That post-apocalyptic fiction has become an immensely popular genre isn’t a huge revelation. The same is true of the observation that more big-L Literary writers are taking on these kinds of stories, which had previously been limited to the trenches of science-fiction and fantasy.
What we don't know, and what the publishing industry never tires of asking itself, is why this is happening. Is it good or bad? Does this trend signal a much-needed blurring of the lines between high and low art in fiction, or are today's hot young writers slumming it because there's money (and the promise of TV/film adaptations) in following trends?
These questions lingered in my mind as I read Laura van den Berg's first novel, Find Me, a post-apocalyptic story that has gotten scads of critical acclaim. Among other great reviews, The New York Times loved it and Salon called her the best young writer in the United States. Salon's statement may be a little bold, but they're right that Find Me is great. The book focuses on Joy, a young woman whose life as a lonely, cough syrup-addicted Stop & Shop employee is permanently derailed by a viral pandemic that causes silver blisters on the skin, memory loss, coma, and death.
Joy, curiously immune to the virus, is brought to a special hospital in Kansas, where other people with similar immunities are isolated and studied by a medical staff with a cultish devotion to keeping their patients indoors and away from the world. At this hospital, Joy discovers that a woman she sees on the Discovery Channel bears a strange resemblance to a photograph of her mother, who abandoned her as a baby, and when news reports circulate that the virus is in remission, she decides to escape and find this woman.
While the first half of the book focuses on her life in the hospital and its similarities to her life before the virus made landfall, the second half is a looser, more kinetic travel narrative that sees Joy and her rediscovered foster brother Marcus travel to Florida to find Joy's possible mother. Other critics thought this was the weaker half of the book, but I disagree; it widens the lens significantly and, unlike similar books, shows a world rebuilding.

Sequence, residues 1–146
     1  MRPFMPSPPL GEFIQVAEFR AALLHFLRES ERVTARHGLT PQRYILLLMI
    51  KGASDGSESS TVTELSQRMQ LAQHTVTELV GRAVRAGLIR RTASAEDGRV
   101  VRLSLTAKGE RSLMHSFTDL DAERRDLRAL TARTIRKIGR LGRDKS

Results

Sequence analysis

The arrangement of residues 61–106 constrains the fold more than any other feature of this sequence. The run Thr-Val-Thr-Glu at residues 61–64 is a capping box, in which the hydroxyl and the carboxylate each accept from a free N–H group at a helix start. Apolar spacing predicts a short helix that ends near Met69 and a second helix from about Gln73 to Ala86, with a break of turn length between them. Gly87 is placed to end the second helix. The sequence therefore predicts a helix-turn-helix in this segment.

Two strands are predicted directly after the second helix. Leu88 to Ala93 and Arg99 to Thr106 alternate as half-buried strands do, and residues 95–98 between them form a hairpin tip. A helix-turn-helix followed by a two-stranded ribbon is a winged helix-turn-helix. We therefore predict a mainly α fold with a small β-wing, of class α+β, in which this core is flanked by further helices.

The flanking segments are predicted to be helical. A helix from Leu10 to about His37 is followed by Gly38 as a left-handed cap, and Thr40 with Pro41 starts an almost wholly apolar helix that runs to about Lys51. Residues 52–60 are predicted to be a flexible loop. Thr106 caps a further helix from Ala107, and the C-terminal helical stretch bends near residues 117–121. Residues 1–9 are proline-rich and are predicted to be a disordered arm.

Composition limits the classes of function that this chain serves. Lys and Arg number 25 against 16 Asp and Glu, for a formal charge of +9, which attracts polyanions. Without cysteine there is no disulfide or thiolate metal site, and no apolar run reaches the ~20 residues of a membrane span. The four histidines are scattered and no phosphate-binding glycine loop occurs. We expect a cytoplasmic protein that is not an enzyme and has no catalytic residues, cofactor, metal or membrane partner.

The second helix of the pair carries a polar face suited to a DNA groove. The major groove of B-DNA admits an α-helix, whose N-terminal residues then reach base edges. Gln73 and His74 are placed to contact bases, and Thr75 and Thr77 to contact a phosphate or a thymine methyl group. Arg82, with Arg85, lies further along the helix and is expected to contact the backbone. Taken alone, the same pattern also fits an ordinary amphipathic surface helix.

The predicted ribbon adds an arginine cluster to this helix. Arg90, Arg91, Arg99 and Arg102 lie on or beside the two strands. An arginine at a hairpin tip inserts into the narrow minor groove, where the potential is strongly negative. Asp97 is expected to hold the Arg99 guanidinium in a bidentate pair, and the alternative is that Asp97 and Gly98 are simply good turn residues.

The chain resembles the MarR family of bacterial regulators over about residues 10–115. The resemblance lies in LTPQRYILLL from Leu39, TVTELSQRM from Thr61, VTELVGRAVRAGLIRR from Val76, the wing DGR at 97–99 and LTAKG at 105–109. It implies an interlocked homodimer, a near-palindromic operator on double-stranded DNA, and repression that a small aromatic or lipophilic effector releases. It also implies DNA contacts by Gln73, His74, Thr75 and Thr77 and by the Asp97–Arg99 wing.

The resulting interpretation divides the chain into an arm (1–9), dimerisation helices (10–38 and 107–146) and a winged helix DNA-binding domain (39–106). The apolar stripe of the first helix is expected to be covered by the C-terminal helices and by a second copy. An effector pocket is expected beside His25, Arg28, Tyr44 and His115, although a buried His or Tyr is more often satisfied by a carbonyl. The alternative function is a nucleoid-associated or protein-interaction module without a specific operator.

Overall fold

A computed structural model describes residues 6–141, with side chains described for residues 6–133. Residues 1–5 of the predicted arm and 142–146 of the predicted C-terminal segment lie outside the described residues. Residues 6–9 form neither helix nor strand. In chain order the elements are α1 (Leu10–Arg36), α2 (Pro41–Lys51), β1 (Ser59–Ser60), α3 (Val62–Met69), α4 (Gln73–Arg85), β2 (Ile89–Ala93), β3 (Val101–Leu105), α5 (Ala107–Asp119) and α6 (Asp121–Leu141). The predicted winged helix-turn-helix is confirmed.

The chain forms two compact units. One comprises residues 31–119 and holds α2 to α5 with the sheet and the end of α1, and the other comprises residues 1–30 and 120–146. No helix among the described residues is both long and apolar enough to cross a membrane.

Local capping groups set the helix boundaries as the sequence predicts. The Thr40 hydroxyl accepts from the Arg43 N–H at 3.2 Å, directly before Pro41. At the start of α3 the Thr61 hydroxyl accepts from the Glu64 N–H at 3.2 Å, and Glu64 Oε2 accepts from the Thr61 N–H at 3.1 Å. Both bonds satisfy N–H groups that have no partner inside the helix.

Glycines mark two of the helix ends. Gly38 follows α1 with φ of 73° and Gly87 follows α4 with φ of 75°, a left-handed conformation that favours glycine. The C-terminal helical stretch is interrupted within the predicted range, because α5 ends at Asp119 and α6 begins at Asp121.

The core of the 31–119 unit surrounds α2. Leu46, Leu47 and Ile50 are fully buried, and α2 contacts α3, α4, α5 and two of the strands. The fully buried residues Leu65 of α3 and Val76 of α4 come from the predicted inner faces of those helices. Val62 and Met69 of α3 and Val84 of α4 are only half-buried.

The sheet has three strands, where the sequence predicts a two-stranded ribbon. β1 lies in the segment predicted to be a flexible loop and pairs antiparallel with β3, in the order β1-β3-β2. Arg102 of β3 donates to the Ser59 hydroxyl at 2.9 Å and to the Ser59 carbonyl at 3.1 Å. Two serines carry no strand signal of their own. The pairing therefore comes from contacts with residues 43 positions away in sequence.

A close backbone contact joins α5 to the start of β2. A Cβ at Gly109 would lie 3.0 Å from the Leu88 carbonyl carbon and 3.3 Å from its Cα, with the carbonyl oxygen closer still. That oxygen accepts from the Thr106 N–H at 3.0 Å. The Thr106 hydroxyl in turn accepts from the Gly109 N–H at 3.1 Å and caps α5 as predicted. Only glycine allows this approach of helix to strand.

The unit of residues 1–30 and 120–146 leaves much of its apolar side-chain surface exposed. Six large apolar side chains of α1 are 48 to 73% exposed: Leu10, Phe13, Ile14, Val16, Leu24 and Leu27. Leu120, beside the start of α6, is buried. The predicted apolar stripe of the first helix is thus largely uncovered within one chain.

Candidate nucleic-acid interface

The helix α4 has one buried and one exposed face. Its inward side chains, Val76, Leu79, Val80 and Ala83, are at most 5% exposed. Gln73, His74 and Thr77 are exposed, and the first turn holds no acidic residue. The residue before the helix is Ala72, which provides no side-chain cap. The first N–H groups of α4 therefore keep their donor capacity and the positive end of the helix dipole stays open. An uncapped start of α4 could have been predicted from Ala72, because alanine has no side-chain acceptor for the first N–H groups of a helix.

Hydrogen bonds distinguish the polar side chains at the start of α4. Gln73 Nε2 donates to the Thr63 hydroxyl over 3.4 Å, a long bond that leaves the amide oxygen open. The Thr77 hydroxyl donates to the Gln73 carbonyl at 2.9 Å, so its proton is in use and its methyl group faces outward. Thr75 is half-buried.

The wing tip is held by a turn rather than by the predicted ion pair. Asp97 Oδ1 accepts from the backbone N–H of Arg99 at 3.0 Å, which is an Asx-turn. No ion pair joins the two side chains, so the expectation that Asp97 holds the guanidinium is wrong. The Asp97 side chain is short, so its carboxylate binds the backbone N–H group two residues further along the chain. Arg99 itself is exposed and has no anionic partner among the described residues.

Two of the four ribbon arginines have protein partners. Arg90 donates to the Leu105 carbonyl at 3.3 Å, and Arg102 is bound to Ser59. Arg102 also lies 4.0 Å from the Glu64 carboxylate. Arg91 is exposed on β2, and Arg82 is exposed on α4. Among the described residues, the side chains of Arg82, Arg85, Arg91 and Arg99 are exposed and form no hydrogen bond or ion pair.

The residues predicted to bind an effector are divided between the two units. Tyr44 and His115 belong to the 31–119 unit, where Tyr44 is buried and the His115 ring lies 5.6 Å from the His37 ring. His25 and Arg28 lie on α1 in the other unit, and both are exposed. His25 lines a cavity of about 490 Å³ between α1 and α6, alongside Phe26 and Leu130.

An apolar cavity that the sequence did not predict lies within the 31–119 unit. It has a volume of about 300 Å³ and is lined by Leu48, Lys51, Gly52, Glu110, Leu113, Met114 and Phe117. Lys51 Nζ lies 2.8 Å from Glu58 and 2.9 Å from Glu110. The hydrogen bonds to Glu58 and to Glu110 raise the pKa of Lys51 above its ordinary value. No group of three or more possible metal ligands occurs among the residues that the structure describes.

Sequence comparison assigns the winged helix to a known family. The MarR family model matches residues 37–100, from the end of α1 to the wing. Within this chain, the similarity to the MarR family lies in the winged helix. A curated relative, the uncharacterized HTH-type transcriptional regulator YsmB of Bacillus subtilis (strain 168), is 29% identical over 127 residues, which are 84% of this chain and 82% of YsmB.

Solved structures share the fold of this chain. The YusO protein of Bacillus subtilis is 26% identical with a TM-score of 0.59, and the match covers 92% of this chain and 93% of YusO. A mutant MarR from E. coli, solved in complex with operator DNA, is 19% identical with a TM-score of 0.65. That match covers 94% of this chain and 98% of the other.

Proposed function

One valid complaint about post-apocalyptic literature (aka post-apocaliterature) is its lack of variance. The setting is almost always a grim hellscape brought on by a relevant-to-the-reader environmental or military catastrophe, in which the characters are principally concerned with survival. Yes, these books provide commentary on modern issues like global warming and military brinksmanship, and even the learned helplessness of modern man, but they focus too heavily on the destruction. I09's interviews with authors who've written post-apocaliterature point to a shared fatalism that the problems we face today can't be fixed without stripping the world down to the hubcaps and starting over again.
Find Me, on the other hand, strays from those familiar tropes. It uses the apocalypse to mirror Joy's emotional patterns and, ultimately, her determination to move forward. Her time in the hospital, for example, mirrors her life before the world ended: small, narrow, and dependent on routine, wanting something better but unable to build any momentum toward it.
As she travels, she sees a society interrupted, and certainly bleak. However, the jackbooted, dystopian certainty of other books in this vein is absent. There are still interstate bus lines (she uses them to travel from Kansas to Florida) and people running hotels. There is still life, even in the face of world-sweeping tragedy. What Joy finds—and reflects in her search for her mother—is the uncertainty of people trying to reach point B from a broken and uncertain point A, which is much more interesting.
The book isn’t perfect. No book is. Joy's reunion with Marcus relies too much on the kind of manufactured coincidence that's too convenient to feel genuine. Marcus ends up being a solid character on his own, but when he and Joy crash with two squatters in a Tom Bombadil-esque cabin in the woods, the story flirts with magical realism without fully delivering. Scenes where Joy and one of the squatters commune with the dead in the cabin's basement are jarring in their abstraction, and they don't bring anything new into the story, so the trip isn't necessarily worth it from the reader's perspective.
But even those weaker sections benefit from the author's considerable talent for line-by-line writing. Laura van den Berg’s prose is subtle and complex without losing readability. She also never falls into the trap of imitative fallacy; the hospital portions of the book are lively, despite the patients' drab routine and minimal sources of entertainment. And where other writers would let Joy's memories and inner monologue overwhelm the plot, van den Berg strikes a great balance between them that keeps the narrative pace consistent. For a first novel, Find Me is exceptional.
It also answers the question of van den Berg's motivation for writing a post-apocalyptic novel, at least for me. Citing this book as an example of “slumming it” would be insane, because it's clear that the author was driven more by curiosity and exploration, and an idea for a good story, than commercial ambition.